After we published a column last week criticizing David Brooks and, to a lesser extent, Paul Krugman for the way they used numbers to explain income inequality, a small blogospheric firestorm erupted. The turmoil has died down, but in the aftermath Paul Krugman dedicated a notable post on his nytimes.com homepage addressing the sticky issue of statistics and opinion journalism. He writes, “Now that rising income inequality has become a big political issue, people are throwing around a lot of numbers. Some of these numbers are reliable, other aren’t. But how are readers to tell the difference?”
Good question. And even better, Krugman posits a partial answer.
It is unfair to assume that the average reader is well versed in the complex language and methods of economics. In a letter published on September 13, one Times reader wrote that Krugman’s and Brooks’s opposing columns on income inequality showed that “statistics can be used to prove anything, a fact that has been known for a long time.”
In our September 13 column, we criticized Brooks and Krugman for inadequately defining economic terminology and failing to disclose their specific sources for income statistics. Krugman, for example, made the following statement in his September 8 column: “the income of a typical household headed by a college graduate was lower in 2005 than in 2000.” But he neglected to mention where the statistic comes from or what he means by “typical household.” While economists might immediately recognize that Krugman’s number came from the census and that “typical” is a synonym for “median” (and not mean, or family of four), the average reader, his audience, does not.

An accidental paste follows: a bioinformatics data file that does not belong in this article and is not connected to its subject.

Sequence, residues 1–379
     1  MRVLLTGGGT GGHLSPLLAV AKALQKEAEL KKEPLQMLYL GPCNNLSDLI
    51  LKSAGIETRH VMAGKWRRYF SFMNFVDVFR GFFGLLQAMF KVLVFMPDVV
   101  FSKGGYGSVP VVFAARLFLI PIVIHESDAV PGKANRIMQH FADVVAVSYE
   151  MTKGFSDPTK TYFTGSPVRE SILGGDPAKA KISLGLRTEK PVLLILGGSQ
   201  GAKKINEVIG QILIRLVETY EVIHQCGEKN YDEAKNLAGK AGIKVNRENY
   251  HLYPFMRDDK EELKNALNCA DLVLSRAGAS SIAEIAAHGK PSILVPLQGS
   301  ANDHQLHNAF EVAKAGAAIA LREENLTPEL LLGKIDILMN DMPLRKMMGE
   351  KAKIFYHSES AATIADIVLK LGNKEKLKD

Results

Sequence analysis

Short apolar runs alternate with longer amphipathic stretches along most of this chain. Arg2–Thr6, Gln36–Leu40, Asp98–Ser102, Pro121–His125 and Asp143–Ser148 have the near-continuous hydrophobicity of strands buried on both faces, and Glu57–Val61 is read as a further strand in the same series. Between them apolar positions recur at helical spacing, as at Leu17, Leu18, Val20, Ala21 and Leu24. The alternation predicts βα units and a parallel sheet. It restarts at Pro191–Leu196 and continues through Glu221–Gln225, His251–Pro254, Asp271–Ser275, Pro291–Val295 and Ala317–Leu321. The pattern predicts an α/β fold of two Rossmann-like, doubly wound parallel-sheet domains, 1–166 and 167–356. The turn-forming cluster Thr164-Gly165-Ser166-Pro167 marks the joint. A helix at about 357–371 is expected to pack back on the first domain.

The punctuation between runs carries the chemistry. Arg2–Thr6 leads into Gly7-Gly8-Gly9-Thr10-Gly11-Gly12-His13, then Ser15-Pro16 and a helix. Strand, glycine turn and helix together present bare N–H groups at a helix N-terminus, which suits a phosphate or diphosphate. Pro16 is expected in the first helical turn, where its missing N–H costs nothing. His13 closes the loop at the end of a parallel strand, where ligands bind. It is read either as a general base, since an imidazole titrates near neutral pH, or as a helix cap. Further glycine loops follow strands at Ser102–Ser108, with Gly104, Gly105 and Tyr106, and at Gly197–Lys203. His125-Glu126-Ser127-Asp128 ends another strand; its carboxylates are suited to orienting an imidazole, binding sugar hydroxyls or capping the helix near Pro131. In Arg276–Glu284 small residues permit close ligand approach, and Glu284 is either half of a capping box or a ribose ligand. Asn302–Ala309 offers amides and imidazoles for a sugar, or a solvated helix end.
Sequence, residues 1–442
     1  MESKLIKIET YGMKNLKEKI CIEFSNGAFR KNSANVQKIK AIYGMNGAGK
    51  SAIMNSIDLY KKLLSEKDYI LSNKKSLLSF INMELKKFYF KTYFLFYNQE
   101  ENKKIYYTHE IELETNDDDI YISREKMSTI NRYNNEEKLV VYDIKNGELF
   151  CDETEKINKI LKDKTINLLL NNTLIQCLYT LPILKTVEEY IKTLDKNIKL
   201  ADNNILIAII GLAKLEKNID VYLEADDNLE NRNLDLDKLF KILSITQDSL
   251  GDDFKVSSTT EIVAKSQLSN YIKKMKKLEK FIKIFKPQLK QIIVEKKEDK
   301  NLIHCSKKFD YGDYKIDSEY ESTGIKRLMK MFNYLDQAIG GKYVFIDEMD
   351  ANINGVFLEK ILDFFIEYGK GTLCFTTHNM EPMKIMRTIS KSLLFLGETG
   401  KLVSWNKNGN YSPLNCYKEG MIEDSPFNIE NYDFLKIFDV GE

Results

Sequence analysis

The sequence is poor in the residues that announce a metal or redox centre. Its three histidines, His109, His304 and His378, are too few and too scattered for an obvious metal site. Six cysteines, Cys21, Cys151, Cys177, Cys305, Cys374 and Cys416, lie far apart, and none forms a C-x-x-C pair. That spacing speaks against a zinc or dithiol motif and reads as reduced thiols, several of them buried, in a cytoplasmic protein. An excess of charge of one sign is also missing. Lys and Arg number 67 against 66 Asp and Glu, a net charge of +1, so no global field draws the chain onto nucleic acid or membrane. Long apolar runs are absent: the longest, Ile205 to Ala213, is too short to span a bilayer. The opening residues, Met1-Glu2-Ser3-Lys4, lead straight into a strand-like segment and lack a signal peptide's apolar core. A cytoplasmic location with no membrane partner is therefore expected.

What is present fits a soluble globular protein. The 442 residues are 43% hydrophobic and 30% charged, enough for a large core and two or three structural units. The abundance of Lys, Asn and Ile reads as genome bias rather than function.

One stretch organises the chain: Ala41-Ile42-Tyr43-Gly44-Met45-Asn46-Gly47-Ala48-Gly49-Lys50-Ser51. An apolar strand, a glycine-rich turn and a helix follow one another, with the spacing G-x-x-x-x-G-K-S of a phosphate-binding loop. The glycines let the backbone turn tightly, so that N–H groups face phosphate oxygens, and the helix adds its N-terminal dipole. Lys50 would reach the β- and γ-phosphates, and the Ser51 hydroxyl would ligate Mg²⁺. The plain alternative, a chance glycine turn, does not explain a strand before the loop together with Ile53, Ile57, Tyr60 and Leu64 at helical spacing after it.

In order to approach columns critically, readers should have access to the statistics columnists use. In his Web post, Krugman acknowledges as much: “On inequality, and in fact on many matters economic, it’s all too common to have numbers - some from unknown sources - flying in all directions.” He also lists and describes how to navigate some of the standard sources for economic data—the census, The Congressional Budget Office, and several academic analyses—and promises to post similar explanations for other sources as he introduces them in his columns.
Most importantly, Krugman makes the following pledge: “From now on I’m going to post sources for the numbers in each column on TimesSelect, with links where possible (it usually is.)” With this new policy, Krugman has accomplished two public services. First, he has enhanced his own journalistic accountability. And second, he has widened the scope of informed debate on economic issues to include his readers.
We join Krugman in his hope that “other economic commentators will follow the same practice.” Perhaps in addition to “saving us a lot of confusion,” Krugman’s new policy will mark the beginning of a trend in which opinion journalists use numbers more transparently and responsibly. In fact, columnists at the Washington Post already provide links to the economic data they cite in their articles.
In our critique of Krugman and Brooks on September 13, we accused Krugman of using an obscure—“not widely published” — number. We were wrong about that — it came from the census. But from now on, with Krugman at least, readers will be able to go straight to the source.